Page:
Colgate has won a temporary victory-the MRTPC has passed an interim injunction against HLL’s advertising campaign. The order restrains HLL “from referring to any Colgate toothpaste in any manner, either directly or indirectly, by means of any allusion or hint in its TV commercials or newspaper advertisements or hoardings by comparison of its New Pepsodent toothpaste with any product of Colgate in general and Colgate Dental Cream in particular”.
For Colgate Palmolive, the damage has already been done. Colgate Palmolive says it has lost 4.6 million consumers in a matter of one month-its share of the toothpaste market fell by 2.35% in September 1997. Colgate is the market leader in toothpaste with a share of around 59% in the second quarter of 1997.
HLL’s gain, however, has not come cheaply. It reportedly spent nearly Rs80m (US$2m) in a matter of six weeks. Colgate, which has in the past taken a reactionary stance to competition, is getting ready to take the offensive with education campaigns targeting specific groups including dentists.
The top 10 Players
Colgate: Launched in India in 1937, Colgate which is owned by Colgate-Palmolive. It is the dominant toothpaste manufacturer in the country, offering a range of hygiene products and toothpastes that include Colgate Dental Cream, Colgate Total, and Colgate Herbal. Colgate-Palmolive is a 200 year old company and has subsidiaries in almost an equal number of countries; how-ever such is its dominance in India that it is listed in only two countries USA and India.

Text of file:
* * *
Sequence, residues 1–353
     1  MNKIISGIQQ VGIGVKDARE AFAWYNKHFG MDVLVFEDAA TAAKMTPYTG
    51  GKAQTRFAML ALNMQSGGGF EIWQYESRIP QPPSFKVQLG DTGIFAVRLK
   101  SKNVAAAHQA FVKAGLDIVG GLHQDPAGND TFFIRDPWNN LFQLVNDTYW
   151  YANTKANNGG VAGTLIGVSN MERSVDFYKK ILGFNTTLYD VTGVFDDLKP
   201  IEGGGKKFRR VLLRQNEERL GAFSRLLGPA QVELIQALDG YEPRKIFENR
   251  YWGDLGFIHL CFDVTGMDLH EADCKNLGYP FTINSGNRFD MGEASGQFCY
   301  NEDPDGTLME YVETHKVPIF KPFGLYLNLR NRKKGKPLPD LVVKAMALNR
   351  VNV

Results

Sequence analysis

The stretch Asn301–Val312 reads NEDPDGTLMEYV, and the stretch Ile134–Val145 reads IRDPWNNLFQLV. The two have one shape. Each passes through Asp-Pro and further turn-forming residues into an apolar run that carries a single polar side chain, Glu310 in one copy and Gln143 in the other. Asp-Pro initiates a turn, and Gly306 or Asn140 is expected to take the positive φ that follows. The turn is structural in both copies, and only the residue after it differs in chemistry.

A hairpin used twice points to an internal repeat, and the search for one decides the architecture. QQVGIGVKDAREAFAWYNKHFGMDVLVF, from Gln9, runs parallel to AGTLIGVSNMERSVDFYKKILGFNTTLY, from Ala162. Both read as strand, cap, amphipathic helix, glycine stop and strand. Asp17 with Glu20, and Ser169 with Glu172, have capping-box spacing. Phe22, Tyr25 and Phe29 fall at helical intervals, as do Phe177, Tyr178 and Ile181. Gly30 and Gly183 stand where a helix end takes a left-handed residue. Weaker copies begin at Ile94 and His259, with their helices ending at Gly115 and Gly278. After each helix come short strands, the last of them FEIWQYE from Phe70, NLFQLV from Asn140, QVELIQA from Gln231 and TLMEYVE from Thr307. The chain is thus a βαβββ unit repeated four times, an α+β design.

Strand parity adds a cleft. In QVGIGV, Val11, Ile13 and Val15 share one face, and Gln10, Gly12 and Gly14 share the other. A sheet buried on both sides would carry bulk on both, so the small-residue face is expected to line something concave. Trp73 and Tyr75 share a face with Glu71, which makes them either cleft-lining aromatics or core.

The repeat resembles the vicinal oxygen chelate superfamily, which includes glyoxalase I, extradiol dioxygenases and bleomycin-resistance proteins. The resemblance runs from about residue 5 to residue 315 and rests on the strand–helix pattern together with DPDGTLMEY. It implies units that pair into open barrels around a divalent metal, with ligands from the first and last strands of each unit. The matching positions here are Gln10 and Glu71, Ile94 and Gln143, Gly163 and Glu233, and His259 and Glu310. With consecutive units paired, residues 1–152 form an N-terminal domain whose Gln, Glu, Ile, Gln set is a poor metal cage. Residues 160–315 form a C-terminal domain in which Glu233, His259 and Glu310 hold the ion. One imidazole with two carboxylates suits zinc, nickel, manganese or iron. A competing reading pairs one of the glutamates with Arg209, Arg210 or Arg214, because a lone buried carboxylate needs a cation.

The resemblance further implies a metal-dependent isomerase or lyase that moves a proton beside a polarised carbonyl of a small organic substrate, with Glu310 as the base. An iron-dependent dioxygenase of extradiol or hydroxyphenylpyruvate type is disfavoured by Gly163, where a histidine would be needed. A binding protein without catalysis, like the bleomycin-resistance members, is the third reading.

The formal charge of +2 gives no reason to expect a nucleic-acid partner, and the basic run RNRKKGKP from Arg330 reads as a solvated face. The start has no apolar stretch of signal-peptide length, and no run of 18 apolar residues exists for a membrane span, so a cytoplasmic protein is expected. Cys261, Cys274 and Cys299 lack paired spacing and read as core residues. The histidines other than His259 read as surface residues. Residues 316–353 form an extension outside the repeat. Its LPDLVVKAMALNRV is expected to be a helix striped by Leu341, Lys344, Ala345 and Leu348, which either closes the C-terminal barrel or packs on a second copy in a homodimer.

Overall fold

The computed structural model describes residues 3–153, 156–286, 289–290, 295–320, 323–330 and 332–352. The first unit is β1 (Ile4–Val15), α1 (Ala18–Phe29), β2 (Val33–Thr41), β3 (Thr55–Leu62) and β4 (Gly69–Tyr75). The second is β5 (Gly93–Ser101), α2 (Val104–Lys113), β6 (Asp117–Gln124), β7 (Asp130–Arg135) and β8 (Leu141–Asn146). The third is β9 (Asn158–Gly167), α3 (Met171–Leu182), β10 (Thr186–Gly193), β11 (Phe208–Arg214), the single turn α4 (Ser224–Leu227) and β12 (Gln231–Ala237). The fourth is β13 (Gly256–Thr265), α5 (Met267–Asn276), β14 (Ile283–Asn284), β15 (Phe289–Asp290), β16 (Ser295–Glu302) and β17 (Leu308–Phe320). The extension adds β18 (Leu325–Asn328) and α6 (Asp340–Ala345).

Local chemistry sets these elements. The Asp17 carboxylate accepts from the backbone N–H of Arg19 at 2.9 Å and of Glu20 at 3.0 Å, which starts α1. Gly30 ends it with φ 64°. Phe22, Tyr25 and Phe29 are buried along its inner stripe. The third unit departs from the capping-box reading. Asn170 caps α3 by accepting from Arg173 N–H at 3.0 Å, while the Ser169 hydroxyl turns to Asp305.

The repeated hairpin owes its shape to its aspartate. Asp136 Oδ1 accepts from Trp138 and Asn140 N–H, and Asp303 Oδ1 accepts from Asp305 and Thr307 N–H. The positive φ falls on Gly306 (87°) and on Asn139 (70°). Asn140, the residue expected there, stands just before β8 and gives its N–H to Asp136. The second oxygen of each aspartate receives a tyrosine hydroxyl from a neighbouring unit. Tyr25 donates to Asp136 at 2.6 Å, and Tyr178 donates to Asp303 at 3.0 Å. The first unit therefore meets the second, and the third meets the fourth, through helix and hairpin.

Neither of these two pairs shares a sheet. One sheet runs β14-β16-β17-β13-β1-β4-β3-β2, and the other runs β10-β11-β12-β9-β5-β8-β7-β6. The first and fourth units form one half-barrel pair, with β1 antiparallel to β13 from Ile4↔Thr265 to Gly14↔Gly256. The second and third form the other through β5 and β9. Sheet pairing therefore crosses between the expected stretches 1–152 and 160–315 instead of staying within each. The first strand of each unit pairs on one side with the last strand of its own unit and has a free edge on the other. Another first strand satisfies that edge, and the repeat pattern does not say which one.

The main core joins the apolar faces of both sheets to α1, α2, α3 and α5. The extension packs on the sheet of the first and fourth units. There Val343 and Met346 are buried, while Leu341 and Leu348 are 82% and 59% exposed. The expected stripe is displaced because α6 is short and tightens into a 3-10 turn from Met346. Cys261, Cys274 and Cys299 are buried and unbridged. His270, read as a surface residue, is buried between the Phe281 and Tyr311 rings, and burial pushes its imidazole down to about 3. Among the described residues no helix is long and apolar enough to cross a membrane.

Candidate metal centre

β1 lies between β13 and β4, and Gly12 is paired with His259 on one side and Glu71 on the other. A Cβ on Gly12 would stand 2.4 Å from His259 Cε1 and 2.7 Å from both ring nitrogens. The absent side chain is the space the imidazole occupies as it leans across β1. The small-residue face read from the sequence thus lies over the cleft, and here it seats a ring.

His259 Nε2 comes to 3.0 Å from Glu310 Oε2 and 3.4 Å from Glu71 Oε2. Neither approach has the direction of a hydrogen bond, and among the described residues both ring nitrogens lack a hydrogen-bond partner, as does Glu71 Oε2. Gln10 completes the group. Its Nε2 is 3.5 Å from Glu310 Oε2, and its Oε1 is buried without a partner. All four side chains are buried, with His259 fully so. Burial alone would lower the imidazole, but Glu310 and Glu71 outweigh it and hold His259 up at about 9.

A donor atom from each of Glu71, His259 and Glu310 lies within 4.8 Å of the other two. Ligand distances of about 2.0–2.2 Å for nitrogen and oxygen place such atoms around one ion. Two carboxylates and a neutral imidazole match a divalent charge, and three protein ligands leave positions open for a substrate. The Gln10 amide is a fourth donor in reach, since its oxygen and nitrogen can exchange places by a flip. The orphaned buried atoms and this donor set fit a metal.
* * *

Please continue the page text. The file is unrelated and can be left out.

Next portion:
Pepsodent: Launched in 1993 Pepsodent is the most popular brand in India. It has since its launch set the standard in Oral Care solutions in India. It is owned by Unilever, and under this brand there are different types of tooth pastes and tooth-brushes available that take care of specific oral needs. It is known to offers solution to problems such as bleeding gums and sensitive teeth.
Close-Up: It is a youth brand of Unilever Arabia. Its USP has been its strategy to target the youth in all the demography’s it has ventured into. It has been mindful of portraying itself as an edgy and a youth oriented brand which has stayed relevant till date. It has always carried an image of boosting confidence in those “up close and personal moments”. Technologically it was one of the first to combine the effects of a toothpaste and mouth-wash into one. Also it was the first gel based tooth-paste in the world.
Sensodyne: Sensodyne is marketed for those individuals who have dentine hypersensitivity and/or sensitive teeth. It is part of GlaxoSmithKline. It is mostly prescribed by doctors to rid patients of un-wanted sensation caused by hot, cold, sweet acidic or similar contact triggers. Sensodyne has been relieving the pain of sensitive teeth for over 40 years and is renowned as desensitizing toothpaste. It contains Potassium Nitrate that is proven to reduce painful tooth sensitivity.
Anchor: Anchor Toothpaste is marketed by the company Anchor Health and Beauty Care which was founded in 1997, and in this sector it is one of the fastest growing companies. It is a much respected and a firmly established dental care brand in India. Anchor toothpastes are a mixture of ingredients necessary for everyday protection against bacteria and germs. Anchor also markets toothbrushes and toothpowder along with toothpastes,.
Dabur Red Toothpaste: Dabur Red Toothpaste is a blend of herbs which acts upon and eliminates many dental problems like toothache and gum disorders etc., thus providing healthy gums and strong teeth. Natural ingredients like mint and clove gives refreshing breath. The toothpaste is known to havethe power of 13 Ayurvedic ingredients that keeps dental problems away.
Penetration levels of Toothpaste
Source: Equity master.com